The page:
A. Malcolm, Episode 306
1. It’s a special episode
Just in case you didn’t realize it was a “special episode,: we got an extra 15 minutes as a reward for waiting two weeks. Then we got a cold open (the first ever of the series) that depicts a day, or at least a morning, in the life of Jamie Fraser Alexander Malcolm, Printer & Bookseller. And its title card boasts a special conceit with the writer and director coming hot off the presses.
The problem with being a procrastinator is (obviously) putting things off until the very last minute. This sometimes leads to skipping things altogether, at least when they’re not essential. In this last week’s Sunday Seven case, it was a combination of getting sidetracked and not coming up with any ideas. But I promised to blog throughout the entire Outlander season and finally thought of something Outlander related, so here goes.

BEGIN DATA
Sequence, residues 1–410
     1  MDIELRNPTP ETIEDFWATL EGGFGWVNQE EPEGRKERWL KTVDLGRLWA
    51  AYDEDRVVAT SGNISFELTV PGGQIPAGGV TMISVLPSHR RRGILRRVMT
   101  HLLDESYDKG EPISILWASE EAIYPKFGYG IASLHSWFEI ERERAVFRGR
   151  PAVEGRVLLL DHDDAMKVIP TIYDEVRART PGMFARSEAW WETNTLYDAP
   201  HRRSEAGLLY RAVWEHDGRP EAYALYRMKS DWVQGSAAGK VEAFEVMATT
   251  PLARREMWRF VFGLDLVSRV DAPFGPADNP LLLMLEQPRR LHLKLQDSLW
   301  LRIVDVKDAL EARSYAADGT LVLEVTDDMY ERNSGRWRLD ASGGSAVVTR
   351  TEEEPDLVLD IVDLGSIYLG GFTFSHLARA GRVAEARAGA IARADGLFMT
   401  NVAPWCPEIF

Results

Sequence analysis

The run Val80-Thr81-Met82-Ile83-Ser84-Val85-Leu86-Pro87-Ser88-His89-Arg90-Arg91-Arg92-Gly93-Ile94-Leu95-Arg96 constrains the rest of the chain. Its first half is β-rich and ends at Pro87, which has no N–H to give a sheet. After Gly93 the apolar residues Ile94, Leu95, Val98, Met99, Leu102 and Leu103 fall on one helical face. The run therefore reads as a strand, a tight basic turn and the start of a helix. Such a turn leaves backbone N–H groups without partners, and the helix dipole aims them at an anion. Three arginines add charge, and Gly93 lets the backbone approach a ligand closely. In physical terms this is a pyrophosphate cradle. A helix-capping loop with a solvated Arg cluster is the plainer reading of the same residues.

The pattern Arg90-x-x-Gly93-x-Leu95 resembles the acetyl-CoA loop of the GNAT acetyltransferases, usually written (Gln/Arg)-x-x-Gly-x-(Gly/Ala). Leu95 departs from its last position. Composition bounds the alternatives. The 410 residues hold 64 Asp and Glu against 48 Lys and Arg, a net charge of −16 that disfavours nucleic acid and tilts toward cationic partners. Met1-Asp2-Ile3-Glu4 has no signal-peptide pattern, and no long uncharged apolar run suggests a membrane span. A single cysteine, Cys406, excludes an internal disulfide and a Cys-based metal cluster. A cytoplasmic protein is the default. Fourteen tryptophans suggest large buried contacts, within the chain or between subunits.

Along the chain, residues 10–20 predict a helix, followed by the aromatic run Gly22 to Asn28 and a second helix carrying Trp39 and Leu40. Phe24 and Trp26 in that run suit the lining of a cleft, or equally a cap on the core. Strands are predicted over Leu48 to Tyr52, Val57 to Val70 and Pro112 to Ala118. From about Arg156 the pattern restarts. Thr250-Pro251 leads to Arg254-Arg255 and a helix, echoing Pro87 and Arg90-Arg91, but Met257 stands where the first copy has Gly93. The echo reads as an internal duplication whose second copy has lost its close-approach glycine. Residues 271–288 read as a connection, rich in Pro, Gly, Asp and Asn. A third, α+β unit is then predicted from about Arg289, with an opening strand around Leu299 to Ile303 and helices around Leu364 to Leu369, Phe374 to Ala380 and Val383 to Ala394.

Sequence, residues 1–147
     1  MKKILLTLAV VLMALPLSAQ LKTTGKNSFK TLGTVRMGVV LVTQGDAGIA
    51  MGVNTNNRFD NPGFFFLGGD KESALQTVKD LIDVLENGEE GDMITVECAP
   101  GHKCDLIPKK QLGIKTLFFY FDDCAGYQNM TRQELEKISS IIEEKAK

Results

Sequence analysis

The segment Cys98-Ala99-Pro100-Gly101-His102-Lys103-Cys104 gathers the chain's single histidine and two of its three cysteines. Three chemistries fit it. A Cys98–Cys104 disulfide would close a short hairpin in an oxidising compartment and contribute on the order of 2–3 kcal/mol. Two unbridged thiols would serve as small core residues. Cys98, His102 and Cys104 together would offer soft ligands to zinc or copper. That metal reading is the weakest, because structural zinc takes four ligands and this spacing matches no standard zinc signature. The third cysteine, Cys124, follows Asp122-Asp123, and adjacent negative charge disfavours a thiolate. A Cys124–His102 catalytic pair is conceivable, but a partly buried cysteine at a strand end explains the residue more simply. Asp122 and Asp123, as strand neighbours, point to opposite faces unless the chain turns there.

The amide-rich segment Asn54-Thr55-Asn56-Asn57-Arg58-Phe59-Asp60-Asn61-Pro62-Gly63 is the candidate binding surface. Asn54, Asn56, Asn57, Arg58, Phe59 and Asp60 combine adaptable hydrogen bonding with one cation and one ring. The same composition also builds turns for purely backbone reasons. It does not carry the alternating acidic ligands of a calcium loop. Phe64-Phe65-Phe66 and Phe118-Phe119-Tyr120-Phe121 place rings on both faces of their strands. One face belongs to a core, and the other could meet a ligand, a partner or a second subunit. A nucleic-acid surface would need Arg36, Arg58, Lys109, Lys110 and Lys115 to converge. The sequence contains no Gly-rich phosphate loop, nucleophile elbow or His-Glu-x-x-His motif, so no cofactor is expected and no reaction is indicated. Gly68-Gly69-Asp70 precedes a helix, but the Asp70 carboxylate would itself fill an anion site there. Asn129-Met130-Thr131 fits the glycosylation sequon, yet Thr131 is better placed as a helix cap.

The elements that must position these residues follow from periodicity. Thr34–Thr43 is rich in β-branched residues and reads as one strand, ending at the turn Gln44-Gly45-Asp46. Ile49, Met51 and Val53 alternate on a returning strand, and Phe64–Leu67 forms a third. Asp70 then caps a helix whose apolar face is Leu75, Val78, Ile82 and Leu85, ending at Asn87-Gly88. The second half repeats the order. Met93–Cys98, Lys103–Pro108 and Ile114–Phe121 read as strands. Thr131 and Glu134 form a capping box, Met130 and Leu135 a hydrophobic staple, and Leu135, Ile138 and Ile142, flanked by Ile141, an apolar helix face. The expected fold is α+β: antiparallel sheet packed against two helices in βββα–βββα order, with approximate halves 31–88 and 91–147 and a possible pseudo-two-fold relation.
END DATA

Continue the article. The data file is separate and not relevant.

Podcasts (and a Vlog) I Enjoy—to Varying Degrees
In reverse order (i.e., from least to most enjoyed):
Last week’s post mentioned the ever-increasing fabulousness of each Outlander episode would likely come to an end. It did. But we can still count and discuss…
Freedom and Whiskey, Episode 305
1. It was better than expected
Faint praise for sure. After all, it featured my least favorite character, while my most favorite character was nowhere to be seen. (Well, he was likely at Helwater with his new wife and adopted child.) But this episode sufficiently held my attention upon first viewing so as not to seem to drag. Nonetheless, I have little desire to watch it again or listen to any of its podcasts, and no desire to discuss it on message boards.